While metal dishes are more stress tolerant than ceramic dishes it's still stress. You're performing an under temperature quenching. Let the pan heat up with the water and it'll stay the same shape. Feb 1 at 22:07
  • 4
    +1 “Everyone thinks boiling water is hot, but it's cool compared to a hot oven.” That reminds me of “Toaster vs. Freezer”, which points out that, while a freezer may seem far away from normal bread (in terms of temperature), a toaster is even further away. Feb 2 at 14:16
49

Presumably the dish was pre-heated to bread baking temperature (?450F?) but the water was at least 200F cooler. Water has a HUGE heat of vaporization. It takes 5.4 times as much heat to convert water to steam as it does to bring the same water from 32F to 212F. All that heat is sucked out of the surface of the baking dish , cooling it to 212F.

Ceramics have poor heat conductance. Poor conductance means the water side of the dish cools down, but the other side doesn't. The cold side shrinks, but not the hot side. This produces a huge stress inside the ceramic material.

Ceramics have low elasticity. This means the material can't bend (like steel) so the stress can't be relieved by warping.

Ceramics also have poor tensile strength. They break when stretched.

Glass breaks in tension. It is incredibly strong in compression. "Heat proof" glassware is tempered. The tempering process puts the interior of the material in tension and the surface in compression. The compressed surface closes cracks which could start a break. But the stresses between surface and interior store a lot of energy. So when it goes, it explodes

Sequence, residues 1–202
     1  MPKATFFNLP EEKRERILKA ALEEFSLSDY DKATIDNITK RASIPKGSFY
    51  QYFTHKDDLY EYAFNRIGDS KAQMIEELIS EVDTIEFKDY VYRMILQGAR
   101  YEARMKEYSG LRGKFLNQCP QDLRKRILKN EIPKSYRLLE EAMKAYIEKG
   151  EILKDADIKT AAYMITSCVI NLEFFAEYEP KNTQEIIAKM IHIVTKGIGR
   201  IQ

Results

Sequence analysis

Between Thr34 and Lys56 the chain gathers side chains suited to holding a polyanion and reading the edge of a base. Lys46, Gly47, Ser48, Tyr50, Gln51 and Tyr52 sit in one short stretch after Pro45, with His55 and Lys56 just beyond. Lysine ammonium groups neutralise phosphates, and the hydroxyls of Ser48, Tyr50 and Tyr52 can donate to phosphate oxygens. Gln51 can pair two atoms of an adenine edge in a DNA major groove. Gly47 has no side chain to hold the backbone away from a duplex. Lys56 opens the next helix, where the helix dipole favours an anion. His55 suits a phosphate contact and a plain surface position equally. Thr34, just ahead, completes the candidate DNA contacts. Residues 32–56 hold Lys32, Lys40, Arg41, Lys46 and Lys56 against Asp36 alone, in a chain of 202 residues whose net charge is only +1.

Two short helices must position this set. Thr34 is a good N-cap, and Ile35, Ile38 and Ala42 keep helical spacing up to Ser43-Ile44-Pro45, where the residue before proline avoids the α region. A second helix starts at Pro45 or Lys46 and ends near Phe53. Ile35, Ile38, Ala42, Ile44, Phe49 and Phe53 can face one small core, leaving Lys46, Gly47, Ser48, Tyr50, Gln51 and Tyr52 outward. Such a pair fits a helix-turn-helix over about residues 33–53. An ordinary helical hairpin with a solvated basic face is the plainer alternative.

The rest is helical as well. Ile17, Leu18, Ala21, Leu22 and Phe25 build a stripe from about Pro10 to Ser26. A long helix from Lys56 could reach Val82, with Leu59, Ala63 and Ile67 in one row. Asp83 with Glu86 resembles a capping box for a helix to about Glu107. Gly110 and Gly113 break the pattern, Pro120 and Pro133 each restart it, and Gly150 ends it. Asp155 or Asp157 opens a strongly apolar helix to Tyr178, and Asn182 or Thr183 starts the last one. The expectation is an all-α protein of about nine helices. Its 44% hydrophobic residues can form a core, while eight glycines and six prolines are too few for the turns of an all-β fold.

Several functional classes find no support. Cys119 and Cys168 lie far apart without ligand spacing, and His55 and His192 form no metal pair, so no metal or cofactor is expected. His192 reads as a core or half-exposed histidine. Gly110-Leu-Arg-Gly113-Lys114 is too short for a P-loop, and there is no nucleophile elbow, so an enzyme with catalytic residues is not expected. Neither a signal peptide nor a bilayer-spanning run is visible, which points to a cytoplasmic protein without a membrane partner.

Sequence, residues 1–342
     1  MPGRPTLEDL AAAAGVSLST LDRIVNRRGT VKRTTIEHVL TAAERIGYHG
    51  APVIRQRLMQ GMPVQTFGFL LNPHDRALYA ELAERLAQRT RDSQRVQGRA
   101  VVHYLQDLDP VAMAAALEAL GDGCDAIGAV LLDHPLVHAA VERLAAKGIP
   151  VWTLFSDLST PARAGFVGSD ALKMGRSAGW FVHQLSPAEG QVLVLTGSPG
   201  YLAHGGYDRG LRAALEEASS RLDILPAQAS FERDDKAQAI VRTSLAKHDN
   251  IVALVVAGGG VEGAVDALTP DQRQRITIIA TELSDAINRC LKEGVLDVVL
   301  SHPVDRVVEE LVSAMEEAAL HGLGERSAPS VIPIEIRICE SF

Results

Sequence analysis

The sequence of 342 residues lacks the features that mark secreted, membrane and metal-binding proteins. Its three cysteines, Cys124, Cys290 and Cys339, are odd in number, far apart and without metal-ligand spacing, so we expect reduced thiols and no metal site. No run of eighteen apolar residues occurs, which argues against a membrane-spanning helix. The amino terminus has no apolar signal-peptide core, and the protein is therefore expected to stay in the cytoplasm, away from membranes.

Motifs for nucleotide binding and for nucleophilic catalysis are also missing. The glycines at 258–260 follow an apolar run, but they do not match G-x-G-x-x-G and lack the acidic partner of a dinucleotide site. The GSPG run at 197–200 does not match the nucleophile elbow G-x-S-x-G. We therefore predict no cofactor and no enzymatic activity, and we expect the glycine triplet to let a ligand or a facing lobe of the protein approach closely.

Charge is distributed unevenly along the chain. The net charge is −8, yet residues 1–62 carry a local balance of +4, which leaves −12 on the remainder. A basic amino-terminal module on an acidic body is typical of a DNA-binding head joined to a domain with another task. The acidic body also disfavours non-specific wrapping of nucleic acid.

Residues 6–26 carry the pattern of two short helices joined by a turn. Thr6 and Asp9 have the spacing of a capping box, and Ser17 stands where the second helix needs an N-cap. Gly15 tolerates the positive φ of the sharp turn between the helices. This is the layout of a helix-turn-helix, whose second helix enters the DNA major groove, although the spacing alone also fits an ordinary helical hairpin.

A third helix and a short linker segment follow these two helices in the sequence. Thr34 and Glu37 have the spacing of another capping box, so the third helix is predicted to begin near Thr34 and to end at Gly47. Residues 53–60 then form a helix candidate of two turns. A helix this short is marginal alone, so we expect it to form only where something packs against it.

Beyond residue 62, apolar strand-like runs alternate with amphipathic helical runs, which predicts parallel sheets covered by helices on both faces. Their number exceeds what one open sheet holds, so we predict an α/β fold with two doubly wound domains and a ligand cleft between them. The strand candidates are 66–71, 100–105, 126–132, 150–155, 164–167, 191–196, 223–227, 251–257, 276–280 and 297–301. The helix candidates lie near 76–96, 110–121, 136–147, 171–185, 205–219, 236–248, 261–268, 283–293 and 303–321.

That's why the dish shattered: Big temperature difference, big tensile stress. POP !

4
  • Oh, yeah, I didn't even think about the fact that the water would be going in on one end. Good answer.
    – FuzzyChef
    Jan 31 at 22:37
  • 3
    I saw a similar situation uncomfortably close at hand when at a friend's BBQ - he brought some sausages out of the house (pre-cooked in an oven at 200C) in a ceramic baking dish; after transferring the sausages to the BBQ to finish cooking, he put the dish (probably still well over 100C) on the garden path (concrete paving stones), right next to my chair. The temperature differential was enough for the dish to positively explode, showering my legs with shrapnel. No injuries beyond a scratch but one hell of a shock to the system. As in many things, it's the gradient that does the damage.
    – Spratty
    Feb 1 at 9:59
  • 1
    @Spratty---Glass breaks in tension. It is incredibly strong in compression. "Heat proof" glassware is tempered. The tempering process puts the interior of the material in tension and the surface in compression. The compressed surface closes cracks which could start a break. But the stresses between surface and interior store a lot of energy. So when it goes, it explodes.
    – Woody
    Feb 1 at 17:33
  • @Woody But OP tells us they used a heat resistant ceramic dish, which is different from tempered glass. OP's dish probably just cracked into a few big pieces and likely did not explode into hundreds of tiny fragments like tempered glass does.
    – J...
    Feb 1 at 21:09

Your Answer

By clicking “Post Your Answer”, you agree to our terms of service, privacy policy and cookie policy

Not the answer you're looking for? Browse other questions tagged or ask your own question.